Day 34. 64 pages, 30,257 words.
Belerious Po Chane was perfectly cognisant of the fact that everyone called him the Eunuch. He’d helped Happy Gretchen seed the story into the seething Blaran underworld, and in any case it was close enough to the truth that it didn’t really matter. He didn’t pay much attention to things like that. His legendary status as a clan enforcer, and his unquestionable and terrifying loyalty to Happy Gretchen, nicely obscured his problematic pedigree. The Po Chane had more of a reputation as crazy space ranchers than infamous pirates these days, and that was a distinction he could live without.
It had been eleven months since the incident with Captain Mortimer Flonk, and there had been only one more case of what the Happyface commoners were calling ‘Spontaneous Primate Headsplosion’. The second victim had been a security thug from another well-known bottom-feeder crew, a sociopathic female by the name of Kill-Them-All-And-Let-Jalah-Sort-Them-Out, or Jalahso for short. She had been, if possible, even more disgusting and widely disliked than Flonk had been. Doctor Reco had summed it up best when he said I guess it’s just as well our customers are such giant shitpiles, it would be awkward if our slaves were killing actual people.
In both cases, indeed, the remaining crews had been only too happy to forgive and forget. Deaths were not unusual in the Happyface cho’gule, even if these ones had been a little unusual in their specifics. Flonk’s XO, another rabid monkey by the name of Hartford Kaogi, had actually flown away with a command he believed he owed to Happy Gretchen due to her failure to satisfactorily insist that she hadn’t killed Flonk on purpose. As for Jalahso, her unit had given Happy Gretchen a bottle of some sort of rare and valuable Mygonite wine as a token of their appreciation – again because she had let them assume Jalahso had looked at one of her enforcers the wrong way.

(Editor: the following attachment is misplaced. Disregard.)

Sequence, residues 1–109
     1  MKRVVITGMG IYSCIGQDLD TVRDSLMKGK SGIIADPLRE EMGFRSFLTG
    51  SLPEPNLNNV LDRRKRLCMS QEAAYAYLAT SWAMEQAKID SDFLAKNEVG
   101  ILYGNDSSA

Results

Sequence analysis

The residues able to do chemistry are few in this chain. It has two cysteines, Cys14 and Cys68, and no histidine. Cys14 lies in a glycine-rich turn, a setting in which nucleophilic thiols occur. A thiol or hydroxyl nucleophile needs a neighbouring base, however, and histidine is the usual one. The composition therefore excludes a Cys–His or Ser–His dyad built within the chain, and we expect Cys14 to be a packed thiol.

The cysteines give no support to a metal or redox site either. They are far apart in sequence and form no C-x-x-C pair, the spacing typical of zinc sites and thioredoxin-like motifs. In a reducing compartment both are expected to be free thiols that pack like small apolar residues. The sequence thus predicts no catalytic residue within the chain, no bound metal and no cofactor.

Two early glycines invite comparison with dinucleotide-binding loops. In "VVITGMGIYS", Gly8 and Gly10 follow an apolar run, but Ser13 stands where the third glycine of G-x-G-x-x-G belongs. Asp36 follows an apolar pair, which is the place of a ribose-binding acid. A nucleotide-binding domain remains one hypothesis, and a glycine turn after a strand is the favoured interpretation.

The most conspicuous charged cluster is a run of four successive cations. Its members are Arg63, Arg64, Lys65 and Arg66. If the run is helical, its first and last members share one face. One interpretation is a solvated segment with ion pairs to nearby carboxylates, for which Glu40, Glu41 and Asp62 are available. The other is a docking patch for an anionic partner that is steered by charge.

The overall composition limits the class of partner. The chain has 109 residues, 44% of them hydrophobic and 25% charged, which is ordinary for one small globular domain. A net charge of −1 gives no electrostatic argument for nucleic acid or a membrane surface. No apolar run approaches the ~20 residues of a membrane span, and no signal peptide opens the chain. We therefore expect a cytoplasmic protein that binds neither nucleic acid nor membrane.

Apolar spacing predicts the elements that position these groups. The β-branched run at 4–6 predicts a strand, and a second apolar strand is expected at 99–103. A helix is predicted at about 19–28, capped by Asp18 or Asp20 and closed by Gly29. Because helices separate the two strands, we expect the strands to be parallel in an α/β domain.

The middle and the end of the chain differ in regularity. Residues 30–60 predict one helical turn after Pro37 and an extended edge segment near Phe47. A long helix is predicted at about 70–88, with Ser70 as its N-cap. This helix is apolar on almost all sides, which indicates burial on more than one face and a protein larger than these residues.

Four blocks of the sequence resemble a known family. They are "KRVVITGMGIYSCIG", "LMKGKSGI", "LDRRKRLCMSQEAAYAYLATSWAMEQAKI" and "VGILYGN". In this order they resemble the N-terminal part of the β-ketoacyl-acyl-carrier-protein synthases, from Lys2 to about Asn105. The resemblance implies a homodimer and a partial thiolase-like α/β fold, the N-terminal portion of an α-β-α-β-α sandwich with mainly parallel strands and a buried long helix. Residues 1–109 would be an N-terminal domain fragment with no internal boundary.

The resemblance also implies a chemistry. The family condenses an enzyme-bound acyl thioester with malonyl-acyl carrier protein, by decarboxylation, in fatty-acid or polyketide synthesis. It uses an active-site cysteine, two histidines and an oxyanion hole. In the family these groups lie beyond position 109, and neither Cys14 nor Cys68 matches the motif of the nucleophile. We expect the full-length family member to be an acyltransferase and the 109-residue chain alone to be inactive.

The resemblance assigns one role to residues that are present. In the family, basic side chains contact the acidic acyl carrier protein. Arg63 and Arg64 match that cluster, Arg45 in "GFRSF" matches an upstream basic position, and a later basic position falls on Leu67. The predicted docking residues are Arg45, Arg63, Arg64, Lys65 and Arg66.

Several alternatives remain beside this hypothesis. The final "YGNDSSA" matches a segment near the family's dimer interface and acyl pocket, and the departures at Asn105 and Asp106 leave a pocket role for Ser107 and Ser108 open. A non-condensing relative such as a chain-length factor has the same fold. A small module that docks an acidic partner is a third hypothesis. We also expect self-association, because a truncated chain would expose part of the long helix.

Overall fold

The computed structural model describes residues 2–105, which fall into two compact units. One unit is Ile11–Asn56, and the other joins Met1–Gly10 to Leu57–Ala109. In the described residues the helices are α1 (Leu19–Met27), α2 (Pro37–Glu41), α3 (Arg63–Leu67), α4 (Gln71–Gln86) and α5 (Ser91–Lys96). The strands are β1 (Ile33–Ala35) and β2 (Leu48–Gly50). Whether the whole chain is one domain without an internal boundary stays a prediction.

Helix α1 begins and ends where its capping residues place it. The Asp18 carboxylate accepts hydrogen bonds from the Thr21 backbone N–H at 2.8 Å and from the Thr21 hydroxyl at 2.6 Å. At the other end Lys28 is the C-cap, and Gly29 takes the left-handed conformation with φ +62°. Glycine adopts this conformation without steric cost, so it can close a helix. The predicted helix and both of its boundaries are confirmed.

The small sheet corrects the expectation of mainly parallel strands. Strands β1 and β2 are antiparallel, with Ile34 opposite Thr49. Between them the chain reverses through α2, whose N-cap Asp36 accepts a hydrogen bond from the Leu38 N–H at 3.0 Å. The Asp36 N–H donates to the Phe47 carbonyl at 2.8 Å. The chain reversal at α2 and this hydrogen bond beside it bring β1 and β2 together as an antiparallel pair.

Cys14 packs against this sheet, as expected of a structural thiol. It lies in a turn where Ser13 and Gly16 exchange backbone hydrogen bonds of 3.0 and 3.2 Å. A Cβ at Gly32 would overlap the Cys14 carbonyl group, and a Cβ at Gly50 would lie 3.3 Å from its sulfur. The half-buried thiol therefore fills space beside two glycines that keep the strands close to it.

These were the foundations upon which a good extralegal edifice stood. It was not a state of affairs that Belerious considered tenable long-term, but for the moment it seemed contained. And the doctor and his team had drawn a few careful hypotheses from the second set of data points, enough to be reasonably sure that it was Pod 9 who was the instigator of the deadly blasts. The anomalously responsive Bonshoon had been present when Jalahso had died, and so had Pod 4 and Pod 33. Both had suffered headaches and mild seizures, but it seemed as though the load had been shared between them. In any case, it was now officially beyond the realms of reasonable doubt that Pod 9 was the one doing the killing.
Now they just had to figure out if he was aware of it, and if he could be trained to do it on command.
Belerious had his suspicions, but beyond sharing them with Happy Gretchen he relinquished his stake in the question. He knew she had two more of the freak sleeper-children on her private level, but if they caused any problems for her they were her problems to deal with. Belerious knew where his remit ended. If Pod 9 was more intelligent and aware of his surroundings than he let on, and was faking his dimness, that would be Belerious’s headache to deal with. Quite literally, in point of fact.
As for the question of further research and training, that was why he was at the docks.